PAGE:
Currently, three different birth control pills are approved by the FDA for acne. Our guide to birth control and acne explains more about how hormonal birth control can be used to control whiteheads, blackheads and other forms of acne.

  • Isotretinoin. Isotretinoin is an oral medication that’s prescribed for severe acne. It’s a highly effective medication that can typically get rid of even the most severe acne over a period of four to six months.

    Isotretinoin is a powerful medication that generally isn’t used for mild forms of acne such as whiteheads and blackheads. However, your healthcare provider may recommend it if you have a combination of comedonal acne and inflamed or cystic acne.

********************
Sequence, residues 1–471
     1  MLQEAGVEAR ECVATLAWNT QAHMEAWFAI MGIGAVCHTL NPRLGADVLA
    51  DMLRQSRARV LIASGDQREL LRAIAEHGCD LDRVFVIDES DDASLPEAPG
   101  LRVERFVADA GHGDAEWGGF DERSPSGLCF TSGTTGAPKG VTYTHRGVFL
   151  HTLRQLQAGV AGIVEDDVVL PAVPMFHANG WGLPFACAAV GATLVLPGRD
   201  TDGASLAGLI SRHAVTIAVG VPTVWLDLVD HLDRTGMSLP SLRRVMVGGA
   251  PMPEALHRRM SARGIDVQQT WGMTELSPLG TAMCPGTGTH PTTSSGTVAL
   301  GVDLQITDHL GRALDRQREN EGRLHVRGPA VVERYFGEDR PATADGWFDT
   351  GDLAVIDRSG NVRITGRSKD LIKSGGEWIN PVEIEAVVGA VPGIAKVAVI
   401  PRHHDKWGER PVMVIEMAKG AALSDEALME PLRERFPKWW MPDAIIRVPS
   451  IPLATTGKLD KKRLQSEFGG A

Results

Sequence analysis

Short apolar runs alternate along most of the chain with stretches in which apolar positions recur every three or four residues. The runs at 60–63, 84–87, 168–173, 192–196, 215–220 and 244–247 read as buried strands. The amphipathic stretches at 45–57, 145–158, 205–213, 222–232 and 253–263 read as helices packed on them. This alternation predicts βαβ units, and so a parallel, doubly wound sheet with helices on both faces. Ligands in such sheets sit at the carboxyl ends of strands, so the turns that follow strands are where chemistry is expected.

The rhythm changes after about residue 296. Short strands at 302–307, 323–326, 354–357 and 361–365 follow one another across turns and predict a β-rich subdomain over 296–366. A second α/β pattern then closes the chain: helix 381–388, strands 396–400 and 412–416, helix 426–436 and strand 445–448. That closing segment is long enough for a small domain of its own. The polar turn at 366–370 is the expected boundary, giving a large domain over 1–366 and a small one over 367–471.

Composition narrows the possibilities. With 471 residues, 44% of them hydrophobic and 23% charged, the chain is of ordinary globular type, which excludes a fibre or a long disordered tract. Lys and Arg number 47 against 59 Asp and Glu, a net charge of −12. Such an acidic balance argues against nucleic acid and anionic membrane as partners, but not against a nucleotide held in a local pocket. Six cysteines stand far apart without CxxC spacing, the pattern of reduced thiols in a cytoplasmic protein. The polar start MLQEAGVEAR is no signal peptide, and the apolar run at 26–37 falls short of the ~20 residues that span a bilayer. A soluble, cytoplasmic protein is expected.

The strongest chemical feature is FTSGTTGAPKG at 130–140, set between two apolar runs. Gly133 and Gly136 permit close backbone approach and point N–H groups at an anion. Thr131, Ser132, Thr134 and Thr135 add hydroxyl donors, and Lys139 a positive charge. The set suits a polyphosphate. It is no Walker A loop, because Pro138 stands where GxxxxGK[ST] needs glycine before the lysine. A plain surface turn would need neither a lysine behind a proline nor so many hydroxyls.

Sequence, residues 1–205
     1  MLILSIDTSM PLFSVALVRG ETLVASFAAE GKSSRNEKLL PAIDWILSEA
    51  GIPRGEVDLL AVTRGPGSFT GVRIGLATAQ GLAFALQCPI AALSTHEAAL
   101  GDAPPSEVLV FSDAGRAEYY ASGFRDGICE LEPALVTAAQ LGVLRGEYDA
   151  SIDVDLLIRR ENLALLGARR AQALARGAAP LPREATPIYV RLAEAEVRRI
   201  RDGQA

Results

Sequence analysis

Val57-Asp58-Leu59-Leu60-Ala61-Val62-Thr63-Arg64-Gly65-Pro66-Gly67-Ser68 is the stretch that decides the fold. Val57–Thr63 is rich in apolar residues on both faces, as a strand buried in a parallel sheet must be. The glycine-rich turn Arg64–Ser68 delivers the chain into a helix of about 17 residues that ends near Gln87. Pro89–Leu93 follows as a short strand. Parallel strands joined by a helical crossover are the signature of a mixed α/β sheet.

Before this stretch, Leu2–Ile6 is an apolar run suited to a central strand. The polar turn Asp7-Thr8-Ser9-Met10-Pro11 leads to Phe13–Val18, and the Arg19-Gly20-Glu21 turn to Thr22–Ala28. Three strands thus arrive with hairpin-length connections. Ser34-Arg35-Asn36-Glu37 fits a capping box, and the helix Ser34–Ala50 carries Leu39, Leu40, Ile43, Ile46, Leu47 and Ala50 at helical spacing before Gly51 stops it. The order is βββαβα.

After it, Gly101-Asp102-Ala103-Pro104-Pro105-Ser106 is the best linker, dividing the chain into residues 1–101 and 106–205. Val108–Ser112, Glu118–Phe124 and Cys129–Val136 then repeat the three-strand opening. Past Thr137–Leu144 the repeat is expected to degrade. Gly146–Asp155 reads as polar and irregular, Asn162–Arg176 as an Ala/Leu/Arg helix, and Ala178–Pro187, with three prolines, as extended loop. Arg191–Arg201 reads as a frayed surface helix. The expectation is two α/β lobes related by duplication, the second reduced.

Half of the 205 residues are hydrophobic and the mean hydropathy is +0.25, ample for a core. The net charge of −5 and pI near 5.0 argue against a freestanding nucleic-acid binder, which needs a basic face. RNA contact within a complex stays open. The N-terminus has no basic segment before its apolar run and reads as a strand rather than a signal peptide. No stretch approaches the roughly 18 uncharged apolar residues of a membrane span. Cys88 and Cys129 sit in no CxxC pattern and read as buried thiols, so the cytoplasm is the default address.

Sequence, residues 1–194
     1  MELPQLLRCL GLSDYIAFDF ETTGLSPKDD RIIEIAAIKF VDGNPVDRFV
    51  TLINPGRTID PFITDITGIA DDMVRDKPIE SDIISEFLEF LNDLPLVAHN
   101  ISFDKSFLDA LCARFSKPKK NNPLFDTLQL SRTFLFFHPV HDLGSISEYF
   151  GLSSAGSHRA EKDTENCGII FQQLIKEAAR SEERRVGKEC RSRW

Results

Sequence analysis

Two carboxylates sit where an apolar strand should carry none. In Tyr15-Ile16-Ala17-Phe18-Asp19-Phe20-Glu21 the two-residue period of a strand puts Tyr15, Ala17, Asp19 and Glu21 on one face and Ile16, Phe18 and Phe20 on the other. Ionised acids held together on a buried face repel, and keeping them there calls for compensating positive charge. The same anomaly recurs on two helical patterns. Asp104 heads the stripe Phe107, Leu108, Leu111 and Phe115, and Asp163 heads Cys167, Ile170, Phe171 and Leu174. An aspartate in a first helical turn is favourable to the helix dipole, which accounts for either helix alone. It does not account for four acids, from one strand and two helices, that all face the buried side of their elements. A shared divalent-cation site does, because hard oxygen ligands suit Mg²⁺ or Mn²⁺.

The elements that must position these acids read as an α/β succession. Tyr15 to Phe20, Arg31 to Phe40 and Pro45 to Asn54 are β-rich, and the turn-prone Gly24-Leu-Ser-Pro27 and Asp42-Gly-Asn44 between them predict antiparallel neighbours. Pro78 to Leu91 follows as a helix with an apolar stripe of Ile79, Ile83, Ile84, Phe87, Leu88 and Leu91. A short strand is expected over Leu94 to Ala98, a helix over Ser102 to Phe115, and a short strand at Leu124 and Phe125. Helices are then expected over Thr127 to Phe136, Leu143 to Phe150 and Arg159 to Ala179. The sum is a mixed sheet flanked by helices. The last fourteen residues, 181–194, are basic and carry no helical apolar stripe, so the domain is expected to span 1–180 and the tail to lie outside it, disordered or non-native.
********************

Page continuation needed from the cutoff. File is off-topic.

What Not to Do if You Have Blackheads or Whiteheads

Treating acne, including comedonal acne such as blackheads and whiteheads, is just as much about what you don’t do as it is about what you do.

If you often get blackheads, whiteheads or other types of acne, it’s important that you don’t pop them. Contrary to popular belief, popping pimples will not help to get rid of them. In many cases, popping your blackheads or whiteheads could actually make your acne worse

This is because it’s easy for bacteria to move from your fingers to your face when you squeeze or pop pimples with your bare fingers.

Sometimes, this bacteria can make its way into blocked pores, causing non-inflamed acne such as blackheads and whiteheads to become infected, inflamed, painful and much more difficult to treat.